🏆 Retirement Planner Template (Excel)

Overview

The Retirement Planner Template (Excel) attempts to provide close to full parity with the original Google Sheets version. Thank you, @jono, for the amazing original work, and for permission to migrate to Excel and share this version with the community.

The corresponding Cash Flow Template has also been migrated, and in my opinion these should be used together. The following overview has been copied and pasted from the original post:

The sheet makes many compounding assumptions about the future— listed in the Google Sheets post— and thereby should only be used as a directional model.

The Retirement Planner solution works well in combination with the Cash Flow Forecast sheet. Any expected future income or expenses (e.g. college expenses for a child, a home or car purchase, etc) should first be entered on the Cash Flow Forecast sheet.

The Retirement Planner uses your cash flow information from the Cash Flow Forecast sheet then adds Investments totals, Investment Growth, Withdrawal rates, and Transfers/Adjustments to the forecast.

Benefits of the Retirement Planner include:

  • Quick & easy setup (only a handful of inputs are required)
  • Presents forecast by year in both chart and table formats
  • Projects when you will reach a your Portfolio Goal
  • Responsive scenario planning with instantaneous updates to plan changes
  • Renders multiple growth rate scenarios
  • Integrates with your existing account balances and Cash Flow Forecast
  • Can model changing risk profile

Installation

  1. Download the Retirement Planner (Excel) Template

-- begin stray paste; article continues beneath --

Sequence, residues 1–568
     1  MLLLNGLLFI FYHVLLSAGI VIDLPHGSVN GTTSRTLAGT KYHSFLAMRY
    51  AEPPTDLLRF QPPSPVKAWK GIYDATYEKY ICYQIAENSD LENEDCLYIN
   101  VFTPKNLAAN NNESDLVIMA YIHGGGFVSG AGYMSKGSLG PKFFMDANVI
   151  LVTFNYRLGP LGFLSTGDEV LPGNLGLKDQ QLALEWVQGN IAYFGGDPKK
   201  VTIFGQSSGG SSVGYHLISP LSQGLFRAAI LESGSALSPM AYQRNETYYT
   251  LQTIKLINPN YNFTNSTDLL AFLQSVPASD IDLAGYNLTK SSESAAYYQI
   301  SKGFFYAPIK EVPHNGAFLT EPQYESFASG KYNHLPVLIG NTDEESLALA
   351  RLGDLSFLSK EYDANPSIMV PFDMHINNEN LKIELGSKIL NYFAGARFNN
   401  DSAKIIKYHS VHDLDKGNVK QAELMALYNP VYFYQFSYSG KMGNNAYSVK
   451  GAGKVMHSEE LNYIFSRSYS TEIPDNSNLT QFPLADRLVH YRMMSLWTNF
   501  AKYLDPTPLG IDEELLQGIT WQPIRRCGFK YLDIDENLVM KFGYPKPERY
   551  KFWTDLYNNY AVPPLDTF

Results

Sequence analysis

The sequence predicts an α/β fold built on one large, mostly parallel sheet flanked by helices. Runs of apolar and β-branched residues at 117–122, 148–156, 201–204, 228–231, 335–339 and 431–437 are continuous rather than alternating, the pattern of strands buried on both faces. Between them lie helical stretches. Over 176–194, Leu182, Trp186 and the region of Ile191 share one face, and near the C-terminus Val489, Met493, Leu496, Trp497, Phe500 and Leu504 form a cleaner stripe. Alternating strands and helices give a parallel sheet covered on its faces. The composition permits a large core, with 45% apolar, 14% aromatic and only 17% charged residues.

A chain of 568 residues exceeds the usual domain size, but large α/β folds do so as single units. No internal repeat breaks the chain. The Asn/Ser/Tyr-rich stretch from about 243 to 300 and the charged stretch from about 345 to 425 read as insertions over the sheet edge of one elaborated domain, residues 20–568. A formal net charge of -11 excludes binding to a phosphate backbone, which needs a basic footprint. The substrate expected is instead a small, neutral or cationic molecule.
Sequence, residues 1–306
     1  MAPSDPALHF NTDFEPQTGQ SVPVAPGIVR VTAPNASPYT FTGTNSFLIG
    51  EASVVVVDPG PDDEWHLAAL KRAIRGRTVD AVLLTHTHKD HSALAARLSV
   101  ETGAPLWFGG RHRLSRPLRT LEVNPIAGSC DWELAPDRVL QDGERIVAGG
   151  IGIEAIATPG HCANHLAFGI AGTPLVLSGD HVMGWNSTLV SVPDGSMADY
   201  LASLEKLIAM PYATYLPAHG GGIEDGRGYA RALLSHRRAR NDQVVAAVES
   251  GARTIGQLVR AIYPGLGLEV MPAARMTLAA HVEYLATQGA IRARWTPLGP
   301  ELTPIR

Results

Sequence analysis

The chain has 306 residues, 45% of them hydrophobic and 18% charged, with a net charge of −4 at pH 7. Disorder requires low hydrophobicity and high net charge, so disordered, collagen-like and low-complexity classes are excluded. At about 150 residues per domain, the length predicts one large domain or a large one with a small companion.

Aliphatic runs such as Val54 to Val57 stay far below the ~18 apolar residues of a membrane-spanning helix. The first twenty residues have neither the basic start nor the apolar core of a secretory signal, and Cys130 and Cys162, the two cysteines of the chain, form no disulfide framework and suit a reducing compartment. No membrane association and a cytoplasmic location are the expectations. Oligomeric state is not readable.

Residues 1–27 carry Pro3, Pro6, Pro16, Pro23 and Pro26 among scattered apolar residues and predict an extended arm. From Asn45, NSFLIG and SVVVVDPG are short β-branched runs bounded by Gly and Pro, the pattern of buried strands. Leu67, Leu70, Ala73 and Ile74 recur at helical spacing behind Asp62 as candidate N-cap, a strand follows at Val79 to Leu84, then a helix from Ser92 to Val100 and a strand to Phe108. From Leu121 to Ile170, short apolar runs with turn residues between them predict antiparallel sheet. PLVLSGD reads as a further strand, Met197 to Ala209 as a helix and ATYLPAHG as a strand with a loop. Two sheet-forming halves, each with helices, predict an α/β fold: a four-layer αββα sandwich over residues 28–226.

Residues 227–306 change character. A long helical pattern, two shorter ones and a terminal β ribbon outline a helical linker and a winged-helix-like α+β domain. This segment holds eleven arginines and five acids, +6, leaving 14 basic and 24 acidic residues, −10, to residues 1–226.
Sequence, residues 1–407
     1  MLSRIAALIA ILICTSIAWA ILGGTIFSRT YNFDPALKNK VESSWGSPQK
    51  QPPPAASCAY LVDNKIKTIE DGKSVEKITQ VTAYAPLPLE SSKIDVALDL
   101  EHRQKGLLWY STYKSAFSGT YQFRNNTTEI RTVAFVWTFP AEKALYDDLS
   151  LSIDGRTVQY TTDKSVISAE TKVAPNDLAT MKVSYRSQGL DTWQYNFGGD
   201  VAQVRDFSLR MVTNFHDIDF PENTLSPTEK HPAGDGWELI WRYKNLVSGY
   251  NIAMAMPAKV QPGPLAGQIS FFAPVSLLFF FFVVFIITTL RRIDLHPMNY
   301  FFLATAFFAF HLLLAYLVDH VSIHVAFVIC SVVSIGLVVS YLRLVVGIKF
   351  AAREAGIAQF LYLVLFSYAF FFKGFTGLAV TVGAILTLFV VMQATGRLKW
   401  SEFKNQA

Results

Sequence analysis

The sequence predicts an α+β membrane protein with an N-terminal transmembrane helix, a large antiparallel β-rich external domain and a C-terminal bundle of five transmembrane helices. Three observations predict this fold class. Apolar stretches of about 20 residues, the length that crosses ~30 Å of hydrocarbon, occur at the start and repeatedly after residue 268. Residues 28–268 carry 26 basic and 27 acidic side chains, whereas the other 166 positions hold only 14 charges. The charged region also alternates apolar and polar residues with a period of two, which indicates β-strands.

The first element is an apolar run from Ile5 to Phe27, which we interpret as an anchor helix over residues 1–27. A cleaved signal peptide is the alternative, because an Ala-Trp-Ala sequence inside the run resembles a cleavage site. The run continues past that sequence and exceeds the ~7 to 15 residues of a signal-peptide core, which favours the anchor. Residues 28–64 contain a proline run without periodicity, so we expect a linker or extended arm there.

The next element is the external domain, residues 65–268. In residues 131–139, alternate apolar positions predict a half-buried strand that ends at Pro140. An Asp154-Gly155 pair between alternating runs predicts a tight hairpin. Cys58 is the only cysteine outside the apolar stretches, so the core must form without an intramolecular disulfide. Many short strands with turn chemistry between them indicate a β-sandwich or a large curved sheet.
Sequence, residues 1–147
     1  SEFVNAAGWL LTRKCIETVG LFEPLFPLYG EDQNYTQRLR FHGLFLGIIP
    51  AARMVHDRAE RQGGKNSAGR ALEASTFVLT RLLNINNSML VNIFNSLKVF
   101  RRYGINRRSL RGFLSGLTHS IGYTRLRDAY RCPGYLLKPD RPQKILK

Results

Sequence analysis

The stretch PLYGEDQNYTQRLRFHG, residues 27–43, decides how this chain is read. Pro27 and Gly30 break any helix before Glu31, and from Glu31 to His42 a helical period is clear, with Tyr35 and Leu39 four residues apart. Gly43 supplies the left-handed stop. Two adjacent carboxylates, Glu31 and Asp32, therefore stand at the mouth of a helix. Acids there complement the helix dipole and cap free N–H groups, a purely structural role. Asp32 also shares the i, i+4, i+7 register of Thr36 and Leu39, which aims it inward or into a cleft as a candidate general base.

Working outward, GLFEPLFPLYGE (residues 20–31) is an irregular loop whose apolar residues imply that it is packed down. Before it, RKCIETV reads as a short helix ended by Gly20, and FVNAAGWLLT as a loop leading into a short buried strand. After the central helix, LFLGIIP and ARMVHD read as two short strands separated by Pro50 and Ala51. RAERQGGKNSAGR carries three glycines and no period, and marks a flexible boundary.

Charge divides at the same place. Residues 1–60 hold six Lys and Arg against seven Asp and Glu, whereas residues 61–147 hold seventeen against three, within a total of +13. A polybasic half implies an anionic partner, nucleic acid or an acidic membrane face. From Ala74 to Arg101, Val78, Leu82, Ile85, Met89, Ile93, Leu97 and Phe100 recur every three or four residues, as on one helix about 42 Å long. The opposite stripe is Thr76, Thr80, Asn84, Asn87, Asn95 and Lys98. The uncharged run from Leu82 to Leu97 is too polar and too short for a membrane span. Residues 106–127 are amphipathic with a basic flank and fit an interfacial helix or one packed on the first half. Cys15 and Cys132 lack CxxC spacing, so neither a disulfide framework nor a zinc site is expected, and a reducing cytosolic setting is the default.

2. Follow this guide to copy the downloaded template into your Excel workbook and to connect the formula references to your local workbook data.

Usage

Please refer to the original Google Sheets post for detailed usage instructions. When I first started using the sheet, I found it very intuitive. Note that some cell references have slightly change from the Google Sheets version.

Excel Specific Instructions

Dynamic Charts

You can enhance the chart interactivity by making it responsive to the number of years you enter in the Cash Flow Forecast sheet or manually in this sheet with just a few clicks, or a quick macro.

Manual configuration:

  1. Right-click on the chart and select “Select Data”
  2. Under Legend Entries (Series), select each series and click “Edit” and change the formulas:
    • Investments End of Year → ='Retirement Planner'!RetirementPlannerChartInvestments
    • Upper Range Growth → ='Retirement Planner'!RetirementPlannerChartUpperRange
    • Lower Range Growth → ='Retirement Planner'!RetirementPlannerLowerRange
    • Portfolio Goal → ='Retirement Planner'!RetirementPlannerLowerRange
  3. In the Horizontal (Category) Axis Labels, click “Edit” and change the formula to ='Retirement Planner'!RetirementPlannerChartYears

Alternative automated configuration: